INSTANT NATIONAL BESTSELLER, WINNER OF THE WRITERS’ TRUST SHAUGHNESSY COHEN PRIZE, WINNER OF THE OTTAWA BOOK AWARD FOR NONFICTION
Former Chief Justice of the Supreme Court of Canada Beverley McLachlin offers an intimate and revealing look at her life, from her childhood in the Alberta foothills to her career on the Supreme Court, where she helped to shape the social and moral fabric of the country—for readers of Educated and Becoming.
From a very early age, all I knew was that I wanted to do something that was not ordinary. Because, for a girl growing up in a remote prairie town in the 1940s, the ordinary was very ordinary indeed.
Beverley McLachlin has led an extraordinary life. One of the few women studying law in the 1960s, she graduated at the top of her class and began her long career—first as a dedicated lawyer and professor, later as a judge serving on the highest court in the country, and finally as the first woman to be named Chief Justice of the Supreme Court of Canada.
The journey wasn’t easy. The options for women growing up in rural Pincher Creek, Alberta, were limited. But McLachlin was willful and spirited, and she wanted an education. She also had an innate sense of justice, which was reinforced by the lessons her parents taught her about equality and the value of hard work. It was this faith in justice that pulled her through dark times, especially when faced with sexism and exclusion at work and personal tragedy at home.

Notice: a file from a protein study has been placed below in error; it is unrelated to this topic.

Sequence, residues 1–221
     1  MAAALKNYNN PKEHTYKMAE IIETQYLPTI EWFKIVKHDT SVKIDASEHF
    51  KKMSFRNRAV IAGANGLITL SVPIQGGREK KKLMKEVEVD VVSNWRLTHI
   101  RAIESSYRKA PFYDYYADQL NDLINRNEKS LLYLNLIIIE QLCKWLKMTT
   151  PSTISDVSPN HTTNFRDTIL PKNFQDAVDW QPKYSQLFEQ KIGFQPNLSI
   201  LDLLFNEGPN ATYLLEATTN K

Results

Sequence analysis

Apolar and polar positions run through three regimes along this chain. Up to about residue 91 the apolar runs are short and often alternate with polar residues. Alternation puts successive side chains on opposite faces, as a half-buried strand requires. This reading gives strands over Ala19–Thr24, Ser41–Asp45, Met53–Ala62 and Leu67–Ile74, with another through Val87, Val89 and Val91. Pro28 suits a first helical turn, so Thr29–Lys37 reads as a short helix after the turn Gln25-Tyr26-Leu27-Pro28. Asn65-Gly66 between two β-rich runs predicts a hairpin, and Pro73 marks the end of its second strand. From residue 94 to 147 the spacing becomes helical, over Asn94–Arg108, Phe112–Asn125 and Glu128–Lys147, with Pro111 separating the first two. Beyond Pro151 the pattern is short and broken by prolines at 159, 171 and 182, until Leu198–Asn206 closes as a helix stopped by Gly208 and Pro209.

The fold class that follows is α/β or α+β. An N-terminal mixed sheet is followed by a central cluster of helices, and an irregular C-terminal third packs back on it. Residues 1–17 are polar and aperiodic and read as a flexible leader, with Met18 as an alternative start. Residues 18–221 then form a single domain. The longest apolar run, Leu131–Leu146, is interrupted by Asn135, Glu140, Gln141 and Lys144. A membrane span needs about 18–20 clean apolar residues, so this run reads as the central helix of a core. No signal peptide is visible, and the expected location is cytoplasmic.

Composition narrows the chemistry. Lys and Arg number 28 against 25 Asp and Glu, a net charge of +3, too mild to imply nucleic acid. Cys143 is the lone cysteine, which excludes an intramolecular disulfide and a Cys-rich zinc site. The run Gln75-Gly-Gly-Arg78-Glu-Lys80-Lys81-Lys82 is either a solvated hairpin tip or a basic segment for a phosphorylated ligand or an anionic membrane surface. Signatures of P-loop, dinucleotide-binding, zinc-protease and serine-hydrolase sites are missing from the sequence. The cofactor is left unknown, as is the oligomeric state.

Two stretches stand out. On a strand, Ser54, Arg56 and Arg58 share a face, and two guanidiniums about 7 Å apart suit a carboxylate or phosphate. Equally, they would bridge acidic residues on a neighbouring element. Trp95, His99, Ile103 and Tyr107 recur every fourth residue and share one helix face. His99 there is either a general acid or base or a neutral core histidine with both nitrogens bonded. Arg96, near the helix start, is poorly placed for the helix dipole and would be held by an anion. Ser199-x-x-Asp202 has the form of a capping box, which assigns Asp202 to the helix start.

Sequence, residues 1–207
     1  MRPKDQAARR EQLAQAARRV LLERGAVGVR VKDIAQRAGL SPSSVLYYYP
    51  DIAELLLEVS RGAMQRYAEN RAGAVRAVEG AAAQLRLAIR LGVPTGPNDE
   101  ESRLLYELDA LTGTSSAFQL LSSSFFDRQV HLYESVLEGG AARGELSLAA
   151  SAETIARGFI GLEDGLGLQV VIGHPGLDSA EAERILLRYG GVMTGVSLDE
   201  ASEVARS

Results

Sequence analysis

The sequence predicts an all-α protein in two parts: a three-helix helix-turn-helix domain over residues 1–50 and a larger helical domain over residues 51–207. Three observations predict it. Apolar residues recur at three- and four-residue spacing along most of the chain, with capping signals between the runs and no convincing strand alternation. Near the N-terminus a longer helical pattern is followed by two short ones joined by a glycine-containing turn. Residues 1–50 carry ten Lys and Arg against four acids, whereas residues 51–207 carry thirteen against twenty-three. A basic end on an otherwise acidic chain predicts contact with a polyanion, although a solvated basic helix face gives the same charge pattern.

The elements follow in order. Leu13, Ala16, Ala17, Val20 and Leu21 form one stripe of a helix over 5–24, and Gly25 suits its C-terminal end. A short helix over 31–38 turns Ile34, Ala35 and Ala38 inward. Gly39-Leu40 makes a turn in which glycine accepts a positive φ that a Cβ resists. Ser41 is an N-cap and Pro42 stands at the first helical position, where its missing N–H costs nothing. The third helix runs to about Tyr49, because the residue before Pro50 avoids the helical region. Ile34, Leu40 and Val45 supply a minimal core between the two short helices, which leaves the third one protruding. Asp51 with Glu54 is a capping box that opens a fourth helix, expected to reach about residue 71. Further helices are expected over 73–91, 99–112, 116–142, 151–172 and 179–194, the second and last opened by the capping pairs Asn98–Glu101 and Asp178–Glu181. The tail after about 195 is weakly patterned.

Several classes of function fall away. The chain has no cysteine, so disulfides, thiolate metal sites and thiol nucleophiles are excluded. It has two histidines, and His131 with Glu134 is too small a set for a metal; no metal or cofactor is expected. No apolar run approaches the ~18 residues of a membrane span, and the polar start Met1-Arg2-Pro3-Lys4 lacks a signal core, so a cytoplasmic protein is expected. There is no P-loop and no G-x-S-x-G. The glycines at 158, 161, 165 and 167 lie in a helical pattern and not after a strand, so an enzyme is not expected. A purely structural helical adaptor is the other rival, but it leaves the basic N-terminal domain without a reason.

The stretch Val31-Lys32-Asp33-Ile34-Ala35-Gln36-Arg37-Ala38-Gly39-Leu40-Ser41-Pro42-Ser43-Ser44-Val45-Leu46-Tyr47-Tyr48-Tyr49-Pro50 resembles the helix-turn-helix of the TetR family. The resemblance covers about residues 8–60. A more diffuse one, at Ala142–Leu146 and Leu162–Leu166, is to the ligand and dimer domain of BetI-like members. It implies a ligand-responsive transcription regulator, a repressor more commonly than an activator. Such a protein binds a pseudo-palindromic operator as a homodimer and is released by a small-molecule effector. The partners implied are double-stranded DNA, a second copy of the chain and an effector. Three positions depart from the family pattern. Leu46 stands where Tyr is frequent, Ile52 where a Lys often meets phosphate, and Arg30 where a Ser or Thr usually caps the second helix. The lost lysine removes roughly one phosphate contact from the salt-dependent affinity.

Paperback, 384 pages
Beverley McLachlin was the Chief Justice of Canada from 2000 to 2017. She is the first woman to hold that position and the longest-serving Chief Justice in Canadian history. Her memoir, Truth Be Told, was an instant bestseller and won the prestigious Writers’ Trust Shaughnessy Cohen Prize and the Ottawa Book Award for Nonfiction. Her debut novel, Full Disclosure, which introduced readers to Jilly Truitt, was a #1 national bestseller and was shortlisted for the Arthur Ellis Best First Crime Novel Award. In 2018, McLachlin became a Companion of the Order of Canada, the highest honour within the Order.
Over time, McLachlin became a champion for Canadians from all walks of life. As a judge on the Supreme Court, she presided over charged debates on topics such as same-sex marriage, euthanasia, and the Charter of Rights and Freedoms. With each judgment, she laid down a legal legacy proving that fairness and justice are not luxuries of the powerful but rather rights owed to each and every one of us.
With warmth, honesty, and deep wisdom, McLachlin recounts her remarkable life on and off the bench. Truth Be Told is an inspiring reminder that integrity and the rule of law are our best hopes for a progressive and bright future.